Look back with Little - a quarter of a century of Banbury nostalgia stories by Brian Little are re-printed in a new book

A selection of nostalgia articles written by the late Banbury historian, Brian Little, for the Banbury Guardian are reprinted this month in a new book
Banbury Market Place, photographed in the early 1920sBanbury Market Place, photographed in the early 1920s
Banbury Market Place, photographed in the early 1920s

Edited by Dr Barrie Trinder, vice-president of the Banbury Historical Society, the book - Banbury Remembered, Looking back 1995 - 2019 - is a treasure trove of accounts of numerous aspects of life in Banbury over the generations.

It includes a variety of articles about business in the town, Banbury's localities, schools and colleges, pastimes and sports and World War Two. It also contains some personal recollections of Mr Little and his immense contribution by various friends and associates.

For a whole generation Brian Little’s columns about local history were among the Banbury Guardian’s most popular features. In 1995, when Brian was chair of the Banbury Historical Society and recently retired from the North Oxon Technical College, he was invited to contribute a short series of six articles to the paper.

Brian Little, whose nostalgia page, Look Back with Little, were printed each week in the Banbury Guardian for nearly 25 yearsBrian Little, whose nostalgia page, Look Back with Little, were printed each week in the Banbury Guardian for nearly 25 years
Brian Little, whose nostalgia page, Look Back with Little, were printed each week in the Banbury Guardian for nearly 25 years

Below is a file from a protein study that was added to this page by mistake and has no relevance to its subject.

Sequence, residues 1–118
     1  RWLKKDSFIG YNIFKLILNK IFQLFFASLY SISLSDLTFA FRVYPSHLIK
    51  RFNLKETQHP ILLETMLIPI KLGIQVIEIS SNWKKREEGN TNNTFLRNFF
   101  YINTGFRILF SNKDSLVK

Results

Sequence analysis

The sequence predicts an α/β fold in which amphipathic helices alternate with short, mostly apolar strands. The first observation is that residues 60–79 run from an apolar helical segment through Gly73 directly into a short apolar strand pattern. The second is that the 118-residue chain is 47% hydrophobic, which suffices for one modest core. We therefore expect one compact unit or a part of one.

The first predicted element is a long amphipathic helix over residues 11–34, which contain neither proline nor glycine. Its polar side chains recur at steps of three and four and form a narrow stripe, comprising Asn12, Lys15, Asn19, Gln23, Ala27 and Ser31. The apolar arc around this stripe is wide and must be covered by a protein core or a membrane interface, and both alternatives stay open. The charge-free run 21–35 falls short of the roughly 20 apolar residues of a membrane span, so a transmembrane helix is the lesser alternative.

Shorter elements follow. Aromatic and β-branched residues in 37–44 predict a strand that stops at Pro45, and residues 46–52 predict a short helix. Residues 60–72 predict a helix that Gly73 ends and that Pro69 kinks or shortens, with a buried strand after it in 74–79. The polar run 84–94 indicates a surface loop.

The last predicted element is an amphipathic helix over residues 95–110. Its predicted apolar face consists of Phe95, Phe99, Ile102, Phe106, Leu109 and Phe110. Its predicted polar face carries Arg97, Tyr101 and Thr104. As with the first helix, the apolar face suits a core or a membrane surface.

That ‘short series’ continued for 24 years and only ended when Mr Little died last year. Now, with permission of the Banbury Guardian Editor, the Banbury Historical Society has produced a book containing a selection of about a hundred of the best of these weekly columns.

Dr Trinder said: "Brian’s columns attracted memories from exiled Banburians from all parts of Britain and further afield. He talked to all kinds of people. He drew out the significance of the most obscure printed matter, such as programmes of motor cycle events, amateur dramatic productions or football matches or accumulations of old bills.

"He wrote about particular parts of Banbury, including Castle Street, Grimsbury and Easingto, and described conditions in the workhouse in the 1930s and the experiences of an evacuee billeting officer in 1939.

"The articles tell how Banburians spent their leisure time dancing or watching wrestling at the Winter Gardens, playing bowls or taking part in amateur dramatics. For anyone who can remember when the ‘Ally’, the cattle market, Woolworths, Hoods, the Midland Red, Young’s Garage or Saturday night queues in Broad Street for the Sports Argus were vital parts of life in Banbury, this book is essential reading."

Banbury Remembered - the new compilation by Dr Barrie Trinder of Brian Little's articles for the Banbury GuardianBanbury Remembered - the new compilation by Dr Barrie Trinder of Brian Little's articles for the Banbury Guardian
Banbury Remembered - the new compilation by Dr Barrie Trinder of Brian Little's articles for the Banbury Guardian

Brian Little grew up in Southampton, studied Geography at the University of Nottingham and settled in Banbury to lecture at the local technical college in 1961. He remained in the town for the rest of his life and was active in many local organisations.

Banbury Remembered runs to more than 250 pages and has numerous illustrations. It is on sale at the shop at Banbury Museum. The shop opens at 10am and is entered through the Castle Quay shopping centre.

Related topics: